14 The major objection to the Zoo-futurist perspective is the belief that the natural world is well-ordered and that it is not possible to do whatever one wants in it. One must follow the “laws of nature”. The desire to change species or to “explore” species that are not one’s own is an attitude that sounds strange to our ears because we are convinced that we are part of one species, and one species alone, and that we cannot change that. Such conceptual rigidity is based on a largely erroneous representation of what a species is. Hence the need to recall a major truth that we tend to forget: no biologist is able to define a species in a way that all of their colleagues agree with, so much so that the question of species turns out to be an ethical question before being a scientific one.

15 In a text that remains in my opinion the best on the subject, the philosopher Philip Kitcher shows that it is impossible to define species in a purely analytical way, in other words, to define it at all. [13] He believes that a “cynical” definition of species is the most correct: species are groups of organisms that are recognized as species by competent taxonomists, i.e., those who are able to recognize species “correctly”. At best he is willing to concede that species can be divided according to a “software” that would be specific to each but looking for a “hard wiring” to do so is a waste of time. It is therefore impossible to agree on a definition of species that everyone can agree on. In Kitcher’s view, biologists have multiple, non-homogeneous conceptions of species at their disposal, which they mobilize according to needs and circumstances. In 2003, there were between 9 and 23 definitions of the species in biological literature! [14] The human species is obviously not an exception. The sequencing of the human genome has been an objective failure from this point of view. If humans share 99.9% of things in common at the genetic level, nothing has been identified as absolutely common to all human beings.

16 The situation is further complicated by the fact that humans share a large part of their DNA with a wide variety of species whose proximity to humans is far from being self- evident – mice, of course, but also worms or yeast. As a result, Leon Eisenberg can write that we recognize a human when we see one without being able to characterize it rigorously as a species. [15]

17 To forget the notion of species would however be premature. First, because the difficulties encountered in defining a phenomenon do not mean that the phenomenon does not exist. We can clearly see the difference between a cat and a crab, but it is difficult to characterize these differences from a notion such as that of species. Secondly, because morality has taken hold of the notion of species; it actively mobilizes it to counter any form of hybridization of humans with other species. It is even today one of the strongest taboos of our societies and bioethicists appear in this respect as the new censors of the moment. Humans are masters at hybridizing species with each other. Since the Neolithic period, it has been the basis of all domestication. Humans, however, are supposed to keep a privileged status. Significantly, it is not even the introduction of non-human genes into humans that leads to the most heated debates – such a possibility is not even seriously considered; it is more paradoxically the possibility of introducing human genes into animals that arouses indignation and opprobrium. In 1984, the ethics committee commissioned by the British government and headed by philosopher Mary Warnock recommended that interspecific embryos be limited to the two-cell stage and that any project involving hybrids that was not related to fertility problems should be considered a crime. Peter Morris rightly wonders what such legislative hysteria [16] means when there is no rational reason to refuse prohibited practices, and he draws on the work of anthropologist Mary Douglas to suggest that mixing species remains a major taboo and is perceived as something disgusting. We are in the most traditional moral register and the situation is even tending to deteriorate. Thus, in 2011, to give just one more example, the British Academy of Medical Sciences proposed to prohibit the transplantation of human neurons into monkeys in order to increase their cognitive skills, which humans have until now had a monopoly on – like language, the manipulation of germ cells in such a way that human/ape hybrids are viable and... give animals a face that resembles humans. [17] Such prohibitions, let’s face it, are quite pleasing to the evil-minded who see in them the hope of exciting extraspecific affairs (like “extramarital affairs”) to come. The legislator, stiff in his official clothes, rarely makes a fool of himself by prohibiting purely imaginary practices.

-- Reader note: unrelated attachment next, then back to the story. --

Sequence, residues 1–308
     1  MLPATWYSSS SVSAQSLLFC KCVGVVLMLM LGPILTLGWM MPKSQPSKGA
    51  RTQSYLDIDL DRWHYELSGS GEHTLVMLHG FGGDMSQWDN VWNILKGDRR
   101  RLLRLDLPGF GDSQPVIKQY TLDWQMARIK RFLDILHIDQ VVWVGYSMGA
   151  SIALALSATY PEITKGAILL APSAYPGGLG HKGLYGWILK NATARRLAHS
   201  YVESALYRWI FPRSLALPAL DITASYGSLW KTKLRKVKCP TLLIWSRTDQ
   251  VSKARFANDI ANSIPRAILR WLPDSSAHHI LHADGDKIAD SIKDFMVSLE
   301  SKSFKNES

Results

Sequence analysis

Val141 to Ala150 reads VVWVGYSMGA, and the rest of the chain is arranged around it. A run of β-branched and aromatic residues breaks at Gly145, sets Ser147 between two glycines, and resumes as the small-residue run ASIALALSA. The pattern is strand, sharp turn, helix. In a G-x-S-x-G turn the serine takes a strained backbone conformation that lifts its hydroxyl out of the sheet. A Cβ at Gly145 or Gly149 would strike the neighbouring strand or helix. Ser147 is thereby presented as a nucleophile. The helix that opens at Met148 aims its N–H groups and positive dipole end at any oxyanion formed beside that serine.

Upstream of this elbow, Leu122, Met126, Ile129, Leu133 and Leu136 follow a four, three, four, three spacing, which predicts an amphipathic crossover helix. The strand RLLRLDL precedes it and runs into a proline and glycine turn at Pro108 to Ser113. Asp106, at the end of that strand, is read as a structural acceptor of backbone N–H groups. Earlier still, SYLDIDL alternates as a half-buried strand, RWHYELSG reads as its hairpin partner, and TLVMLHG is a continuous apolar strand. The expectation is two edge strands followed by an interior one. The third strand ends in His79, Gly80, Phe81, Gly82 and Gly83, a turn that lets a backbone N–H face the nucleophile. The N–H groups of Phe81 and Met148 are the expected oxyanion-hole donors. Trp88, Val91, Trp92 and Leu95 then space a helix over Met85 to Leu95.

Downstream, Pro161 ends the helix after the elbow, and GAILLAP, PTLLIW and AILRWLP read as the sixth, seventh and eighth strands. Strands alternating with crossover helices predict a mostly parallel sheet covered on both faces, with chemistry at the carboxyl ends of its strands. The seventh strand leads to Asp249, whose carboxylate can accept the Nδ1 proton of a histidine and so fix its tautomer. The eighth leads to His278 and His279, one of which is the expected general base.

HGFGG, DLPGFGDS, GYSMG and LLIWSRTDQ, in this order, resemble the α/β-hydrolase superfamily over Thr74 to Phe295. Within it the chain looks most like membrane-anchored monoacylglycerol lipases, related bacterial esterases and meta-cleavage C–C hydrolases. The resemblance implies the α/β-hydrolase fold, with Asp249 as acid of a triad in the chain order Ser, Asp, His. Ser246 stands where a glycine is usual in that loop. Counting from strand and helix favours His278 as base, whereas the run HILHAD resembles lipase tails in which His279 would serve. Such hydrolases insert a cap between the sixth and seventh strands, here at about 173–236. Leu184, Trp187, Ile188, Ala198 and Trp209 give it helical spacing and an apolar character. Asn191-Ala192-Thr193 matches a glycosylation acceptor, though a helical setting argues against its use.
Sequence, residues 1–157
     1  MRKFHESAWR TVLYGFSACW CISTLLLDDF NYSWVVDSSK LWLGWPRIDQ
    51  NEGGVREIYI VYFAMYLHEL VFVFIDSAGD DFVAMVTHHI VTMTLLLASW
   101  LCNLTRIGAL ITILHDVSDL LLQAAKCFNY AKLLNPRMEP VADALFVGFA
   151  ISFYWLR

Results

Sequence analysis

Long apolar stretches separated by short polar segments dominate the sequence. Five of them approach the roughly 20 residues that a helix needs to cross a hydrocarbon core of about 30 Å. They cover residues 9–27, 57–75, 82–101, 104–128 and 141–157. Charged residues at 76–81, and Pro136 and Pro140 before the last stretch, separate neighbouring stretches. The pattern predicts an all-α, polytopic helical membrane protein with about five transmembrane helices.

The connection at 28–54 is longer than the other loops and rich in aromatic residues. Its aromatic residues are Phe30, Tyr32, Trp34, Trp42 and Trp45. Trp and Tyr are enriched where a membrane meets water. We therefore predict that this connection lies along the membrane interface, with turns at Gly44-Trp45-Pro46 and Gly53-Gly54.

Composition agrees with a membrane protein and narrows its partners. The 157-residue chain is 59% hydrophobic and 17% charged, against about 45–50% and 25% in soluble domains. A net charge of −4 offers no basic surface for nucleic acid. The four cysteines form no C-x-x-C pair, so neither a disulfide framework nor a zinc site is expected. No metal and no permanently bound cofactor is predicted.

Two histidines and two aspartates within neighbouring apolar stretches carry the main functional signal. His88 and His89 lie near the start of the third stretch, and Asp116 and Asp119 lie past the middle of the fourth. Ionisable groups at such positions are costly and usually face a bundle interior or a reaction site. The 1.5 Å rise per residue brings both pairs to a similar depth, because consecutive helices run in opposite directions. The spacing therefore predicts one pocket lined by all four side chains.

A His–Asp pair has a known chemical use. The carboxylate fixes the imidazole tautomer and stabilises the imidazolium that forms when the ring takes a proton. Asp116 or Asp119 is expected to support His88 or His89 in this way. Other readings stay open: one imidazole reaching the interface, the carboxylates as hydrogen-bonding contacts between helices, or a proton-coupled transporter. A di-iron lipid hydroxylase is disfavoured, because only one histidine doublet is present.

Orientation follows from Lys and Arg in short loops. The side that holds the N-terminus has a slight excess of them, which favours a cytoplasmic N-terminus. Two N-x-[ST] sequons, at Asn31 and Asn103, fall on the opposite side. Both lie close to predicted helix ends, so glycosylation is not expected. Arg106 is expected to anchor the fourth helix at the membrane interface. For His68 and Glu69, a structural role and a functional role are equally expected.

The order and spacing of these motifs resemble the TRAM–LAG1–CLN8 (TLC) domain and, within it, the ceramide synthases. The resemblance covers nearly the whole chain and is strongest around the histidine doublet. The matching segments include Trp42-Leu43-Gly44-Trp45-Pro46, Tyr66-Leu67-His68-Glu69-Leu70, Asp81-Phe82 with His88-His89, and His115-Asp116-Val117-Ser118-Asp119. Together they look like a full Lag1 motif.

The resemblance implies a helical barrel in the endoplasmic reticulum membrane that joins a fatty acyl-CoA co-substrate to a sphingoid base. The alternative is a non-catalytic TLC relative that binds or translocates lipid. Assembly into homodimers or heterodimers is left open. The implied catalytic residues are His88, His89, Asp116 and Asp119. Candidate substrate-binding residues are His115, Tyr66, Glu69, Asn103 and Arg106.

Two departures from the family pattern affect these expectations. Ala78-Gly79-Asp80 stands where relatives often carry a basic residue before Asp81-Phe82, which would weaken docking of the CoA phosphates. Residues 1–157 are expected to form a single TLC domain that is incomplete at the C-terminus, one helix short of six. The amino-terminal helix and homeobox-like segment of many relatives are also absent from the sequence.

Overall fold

18 In such a burning moral context, what does the “reanimalization of the human” that Zoo-futurism proposes mean? The proximity of humans to other species remains an explosive subject. The human/animal boundary is so delicate to deal with because it is not only extremely fragile but also constantly shows dubious porosities which are of lasting and deep concern to human societies, Western societies in particular. This boundary is all the more worrying in that it appears less as a biological given that should be taken into account than as a cultural imperative that should be constantly recalled and reactivated, even if it is by law. For the Zoo-futurist position, the reanimalization of the human constitutes a way of characterizing the human in an unprecedented way, since it is no longer a question of looking for the specificity of the human in a splendid biological isolation that has never existed with the other species, but in its cultural and technical capacity to get closer not only to other species, but potentially to all the existing species, in one way or another. Phylogenesis thus goes from the status of a heritage to be assumed to that of a playing field in which one can express one’s humanity in a different way. The ultimate stage of Zoo- futurism being, one suspects, to invent new biological species that it would be possible to “visit”. In the end, the Zoo-futurist position proposes a fertile, exciting and non-judgmental alternative to the transhumanist movements that activists dream of as perfect, immortal machines beyond the reach of the insidious diseases that threaten us all. Instead of this sanitized and devitalized future, the Zoo-futurist perspective proposes to human beings not only to become more animal, but to become so in an unprecedented way.